Note: this is a post I created in 2018. I got distracted by some other things and forgot to fully update it. I made some further updates when I discovered the issues in 2021. Sorry!
This is the second cluster system that I’m exploring this summer. In recent years a lot of commercial microcluster solutions have started popping up. Last post, I reviewed PiRacks. In this post, I will review Picocluster.
Another summer, and I’m exploring building yet another cluster. Back in 2014 when I started designing my cluster materials, there weren’t a lot of great options for cases for SBC-based microclusters. So I (and Frank Blackmon, our department tech) designed some for the parallella and the raspberry pi. They were pretty great, and I’ve used them extensively for many clusters that I’ve built in the last four years. I’ve presented some of the cluster designs at SIGCSE back in 2015 and 2016.
I have a few more posts in mind for this summer, but I wanted to create this one while the information was still fresh in my head. Imagine my dismay when I discovered that the original Raspberry Pi cluster tutorial created by Dr. Simon Cox at the University of South Hampton no longer seems to exist. This has always been to me the de-facto go-to tutorial for creating Raspberry Pi images.
Well, it’s been a while since I’ve posted! It’s another summer and I am creating yet another cluster. One thing people may not know is back in the summer of 2014 as I anxiously waited for the release of the Parallella I was originally going to use Raspberry Pis in my parallel computing course. Of course the Parallella came out, and so I put my Pis back on the shelf and concentrated on the Parallella for the course.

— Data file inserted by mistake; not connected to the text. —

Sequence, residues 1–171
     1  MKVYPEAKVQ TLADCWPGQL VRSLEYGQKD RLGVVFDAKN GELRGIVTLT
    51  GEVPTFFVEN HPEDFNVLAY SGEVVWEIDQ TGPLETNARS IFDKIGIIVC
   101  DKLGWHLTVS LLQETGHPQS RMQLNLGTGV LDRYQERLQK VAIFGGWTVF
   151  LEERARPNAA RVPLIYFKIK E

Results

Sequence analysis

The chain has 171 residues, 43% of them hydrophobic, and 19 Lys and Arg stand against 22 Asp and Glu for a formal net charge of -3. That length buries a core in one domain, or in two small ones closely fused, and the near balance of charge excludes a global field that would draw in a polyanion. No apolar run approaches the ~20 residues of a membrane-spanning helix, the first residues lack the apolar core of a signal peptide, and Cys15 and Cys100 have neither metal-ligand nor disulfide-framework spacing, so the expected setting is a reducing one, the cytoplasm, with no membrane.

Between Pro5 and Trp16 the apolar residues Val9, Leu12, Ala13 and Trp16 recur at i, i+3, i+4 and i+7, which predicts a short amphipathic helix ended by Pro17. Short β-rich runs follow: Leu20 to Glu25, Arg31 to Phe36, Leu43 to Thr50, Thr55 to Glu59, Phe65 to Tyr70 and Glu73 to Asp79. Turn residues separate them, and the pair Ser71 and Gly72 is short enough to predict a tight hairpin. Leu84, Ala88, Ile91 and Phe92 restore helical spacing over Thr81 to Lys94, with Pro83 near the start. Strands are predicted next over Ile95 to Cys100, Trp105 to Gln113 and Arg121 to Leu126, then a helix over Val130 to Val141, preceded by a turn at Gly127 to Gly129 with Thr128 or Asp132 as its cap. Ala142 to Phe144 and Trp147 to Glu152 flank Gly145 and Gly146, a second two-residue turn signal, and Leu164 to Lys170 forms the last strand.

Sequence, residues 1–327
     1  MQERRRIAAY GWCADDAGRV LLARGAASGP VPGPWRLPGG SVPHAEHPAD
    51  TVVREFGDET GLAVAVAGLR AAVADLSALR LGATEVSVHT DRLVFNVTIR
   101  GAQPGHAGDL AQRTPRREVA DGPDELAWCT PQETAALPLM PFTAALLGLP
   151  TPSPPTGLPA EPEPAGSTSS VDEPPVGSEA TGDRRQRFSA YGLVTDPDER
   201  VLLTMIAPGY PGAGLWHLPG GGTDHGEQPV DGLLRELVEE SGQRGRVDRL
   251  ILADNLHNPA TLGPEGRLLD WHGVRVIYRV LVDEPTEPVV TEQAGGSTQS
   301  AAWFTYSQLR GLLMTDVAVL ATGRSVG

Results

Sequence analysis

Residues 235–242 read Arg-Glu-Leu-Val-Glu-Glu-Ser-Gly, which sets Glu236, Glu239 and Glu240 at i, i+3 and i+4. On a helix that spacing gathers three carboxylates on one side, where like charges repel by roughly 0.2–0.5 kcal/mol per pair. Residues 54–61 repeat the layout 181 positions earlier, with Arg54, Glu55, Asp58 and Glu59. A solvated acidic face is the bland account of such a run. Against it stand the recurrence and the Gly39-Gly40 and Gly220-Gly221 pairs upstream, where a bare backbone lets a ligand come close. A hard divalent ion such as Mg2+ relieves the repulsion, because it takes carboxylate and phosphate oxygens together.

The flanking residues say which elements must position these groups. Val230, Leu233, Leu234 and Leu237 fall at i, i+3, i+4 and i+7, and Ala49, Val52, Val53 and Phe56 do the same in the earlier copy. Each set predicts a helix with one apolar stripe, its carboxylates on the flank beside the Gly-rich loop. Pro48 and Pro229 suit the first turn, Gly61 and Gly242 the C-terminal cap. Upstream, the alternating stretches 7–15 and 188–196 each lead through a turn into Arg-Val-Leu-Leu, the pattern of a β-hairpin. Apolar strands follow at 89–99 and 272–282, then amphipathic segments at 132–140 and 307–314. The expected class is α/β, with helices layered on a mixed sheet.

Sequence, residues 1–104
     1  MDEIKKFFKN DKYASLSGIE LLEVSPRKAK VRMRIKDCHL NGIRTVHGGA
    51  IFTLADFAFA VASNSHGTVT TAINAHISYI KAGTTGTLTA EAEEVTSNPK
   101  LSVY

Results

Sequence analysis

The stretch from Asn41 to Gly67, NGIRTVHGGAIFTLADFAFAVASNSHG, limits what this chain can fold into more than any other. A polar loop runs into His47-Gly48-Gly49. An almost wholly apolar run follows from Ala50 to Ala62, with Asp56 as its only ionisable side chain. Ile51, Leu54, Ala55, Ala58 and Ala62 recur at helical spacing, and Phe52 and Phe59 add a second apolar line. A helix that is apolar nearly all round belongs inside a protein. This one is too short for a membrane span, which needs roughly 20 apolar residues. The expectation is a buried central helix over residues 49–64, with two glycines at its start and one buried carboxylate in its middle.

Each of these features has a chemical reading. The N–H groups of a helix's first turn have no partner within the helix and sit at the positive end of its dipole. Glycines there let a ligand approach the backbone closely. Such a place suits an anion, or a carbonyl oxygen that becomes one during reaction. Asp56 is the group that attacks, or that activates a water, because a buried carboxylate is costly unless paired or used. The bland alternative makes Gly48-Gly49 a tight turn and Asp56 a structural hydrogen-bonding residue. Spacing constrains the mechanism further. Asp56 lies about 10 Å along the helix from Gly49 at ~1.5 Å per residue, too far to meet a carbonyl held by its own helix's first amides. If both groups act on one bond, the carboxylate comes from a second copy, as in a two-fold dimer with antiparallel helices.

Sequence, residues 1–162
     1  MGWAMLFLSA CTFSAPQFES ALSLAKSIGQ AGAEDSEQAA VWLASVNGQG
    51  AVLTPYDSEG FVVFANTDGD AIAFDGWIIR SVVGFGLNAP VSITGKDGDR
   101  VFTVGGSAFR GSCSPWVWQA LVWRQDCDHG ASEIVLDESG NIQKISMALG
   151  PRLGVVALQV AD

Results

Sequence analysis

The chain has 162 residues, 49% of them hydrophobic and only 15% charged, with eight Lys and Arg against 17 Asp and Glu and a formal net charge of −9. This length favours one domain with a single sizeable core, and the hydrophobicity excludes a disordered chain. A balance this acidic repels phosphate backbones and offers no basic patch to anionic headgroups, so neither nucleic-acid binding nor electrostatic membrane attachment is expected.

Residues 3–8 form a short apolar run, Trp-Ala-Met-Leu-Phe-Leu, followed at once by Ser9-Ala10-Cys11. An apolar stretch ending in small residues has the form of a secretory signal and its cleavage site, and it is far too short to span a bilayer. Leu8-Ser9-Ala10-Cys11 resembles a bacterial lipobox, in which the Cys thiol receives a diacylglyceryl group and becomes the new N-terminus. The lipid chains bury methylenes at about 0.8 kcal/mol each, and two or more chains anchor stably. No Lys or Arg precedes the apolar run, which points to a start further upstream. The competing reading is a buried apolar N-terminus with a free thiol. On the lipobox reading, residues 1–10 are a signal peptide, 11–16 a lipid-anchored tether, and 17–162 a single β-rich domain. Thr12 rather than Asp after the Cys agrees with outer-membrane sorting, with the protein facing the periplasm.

Phew! After a bit of effort, I was able to add an external hard drive to
my parallella cluster, and make it accessible to all the nodes by mounting
it on a NFS. I’ve updated the parallella cluster post to include
this information. Visit it here to learn how to set up NFS on your
parallella cluster too!
In the previous post, we created a Beowulf cluster using N Parallella boards. If you are using my images, the files you need to run the John the Ripper application should already be on them. If you don’t (or if they aren’t), follow this tutorial to set up the files on your cluster and get going. I’ll also walk you through how the code works.
I wrote this demo for my parallel computing class, and presented it at the “Budget Beowulfs” special session at SIGCSE 2015.
The goal of this tutorial is to create a simple Beowulf cluster using Parallella boards. After completing these instructions, you should have a simple Parallella Cluster with N nodes. In the examples that follow, N=4. However, the tutorial can be used to create clusters of any size N.
These instructions are adapted from the raspberry pi cluster instructions provided by Dr. Simon Cox from the University of Southampton. Unlike those instructions, I designed this tutorial to enable students to assemble a working parallella cluster within one hour.